Comment from chris
    Time August 30, 2014 at 5:41 pm

    I was just reading some of these posts, i do not own any shares on caledon lake, nor have I ever been there. However it is possible to own the lake and water as the share holders have stated. it is not all that uncommon. i have friends on Lake Nippissing near North Bay that own 500′ of land into the water- yes they own the 500′ feet into the lake and i have seen the survey.

    There is another large lake in Caledon called Crater lake, the owners own the lake and the water in it.

    It sounds like a lot of you in this forum have some resentment to the people on the lake that maintain the grounds and pay to enjoy the surroundings and they just may possibly own the lake itself. Just reading these posts i suspect most of the people complaining are envious and have a sense of entitlement to use the lake just because its there. This lake is not a provincial park as far as i know, nor is it a public beach. its a community of people that own a large percentage of the lake front and quite possibly own the lake itself.

    Personally I think the views most of you complaining about not being allowed to use the lake are ignorant and moronic. You people are posting ways to access the lake and looking for a loop hole or some means to access the lake which in itself seems coniving.

    Perhaps you all should do something else that’s useful to your passion like maybe volunteer at a fish hatchery or teach a kid to fish (on a public lake)
    or start a fishing club and fish waters that are not owned and easier to access. or hey! here is an idea, buy a place on the lake and fish all day and night!! then im guessing i will be hearing your views after you buy a place about all the Yahoos trying to lay claim to the lake like you use to,…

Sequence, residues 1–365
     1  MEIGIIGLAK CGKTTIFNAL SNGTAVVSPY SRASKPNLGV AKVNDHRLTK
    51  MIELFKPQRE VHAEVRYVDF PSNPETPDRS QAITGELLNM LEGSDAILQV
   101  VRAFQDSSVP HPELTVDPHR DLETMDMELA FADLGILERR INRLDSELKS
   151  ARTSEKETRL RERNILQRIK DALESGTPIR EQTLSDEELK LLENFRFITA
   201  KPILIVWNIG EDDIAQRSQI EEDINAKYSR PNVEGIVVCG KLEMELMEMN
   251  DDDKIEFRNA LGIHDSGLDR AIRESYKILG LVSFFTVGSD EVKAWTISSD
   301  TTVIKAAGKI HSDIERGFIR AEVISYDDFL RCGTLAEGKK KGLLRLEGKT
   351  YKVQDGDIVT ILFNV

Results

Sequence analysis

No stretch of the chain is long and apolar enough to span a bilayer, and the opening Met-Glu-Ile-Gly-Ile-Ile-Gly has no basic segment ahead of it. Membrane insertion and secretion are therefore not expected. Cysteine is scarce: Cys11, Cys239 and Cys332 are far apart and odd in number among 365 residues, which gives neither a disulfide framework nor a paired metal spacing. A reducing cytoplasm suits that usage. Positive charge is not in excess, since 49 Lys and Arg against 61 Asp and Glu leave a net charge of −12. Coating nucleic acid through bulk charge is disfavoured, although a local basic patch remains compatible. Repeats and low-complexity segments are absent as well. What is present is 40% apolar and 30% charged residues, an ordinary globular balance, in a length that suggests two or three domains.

Comment from Dave Bailey
    Time October 4, 2014 at 12:10 am

    Chris said: “However it is possible to own the lake and water as the share holders have stated. it is not all that uncommon. i have friends on Lake Nippissing near North Bay that own 500′ of land into the water- yes they own the 500′ feet into the lake and i have seen the survey.”

    Perhaps you could post that survey? In any case, you’re claiming first that your friends own both the lake bed and the water, but then imply that they own just the land, 500′ into the lake. It is possible, as far as I know, to own the lake or river bottom, but NOT the water above it.

    Comment from shawkat
    Time March 16, 2015 at 8:26 pm

    You people only own 30% of the shore line, but don’t want others access it.

    Comment from Matt
    Time May 21, 2015 at 5:07 pm

    This is complete and udder bullshit, couldnt there atleast be a boat ramp to allow people on the water? I understand you don’t want them on your LAND but that’s why we want the water.. I live 20 minute walk from this place and am not allowed in.. BULLSHIT

    Comment from Mat A.
    Time July 4, 2015 at 11:26 pm

    Hi, did anyone recently fish at Caledon Lake??? please update. thanks

    Comment from mike
    Time July 30, 2015 at 12:28 pm

    We on caledon lake will continue being vigilant towards trespassers.
    I called the police just last week to apprehend one.
    It’s quite simple: all land surrounding the lake is private property and can’t be accessed without trespassing.
    Why would someone want to trespass and take a good chance of being arrested just for a fish. There are many good fishing areas elsewhere.
    Maybe next time I’ll perform a citizens arrest and hold someone until police show up..

    Comment from Mike
    Time July 31, 2015 at 2:53 pm

    That should read:

    “We on Caledon Lake are insufferable NIMBYs that dislike our fellow man so much we want to firmly establish our protectorate around one of nature’s finest creations: a body of fresh water. When we’re not away hunting lions in Zimbabwe we prefer to utilize public safety officers at a cost to all taxpayers to harass our fellow man whenever he may try and enjoy this natural feature himself. If this was Texas, we’d shoot on site. Property ownership rights over human rights, all day long. Keep the great unwashed away from us, please and thank you.”

    Yep, sounds about accurate. Muppets.

    Comment from mike
    Time July 31, 2015 at 9:30 pm

    Yes , maybe the owners of this private property should let anyone on our property any time they like. Dozens of people could mill about our private property any time they like..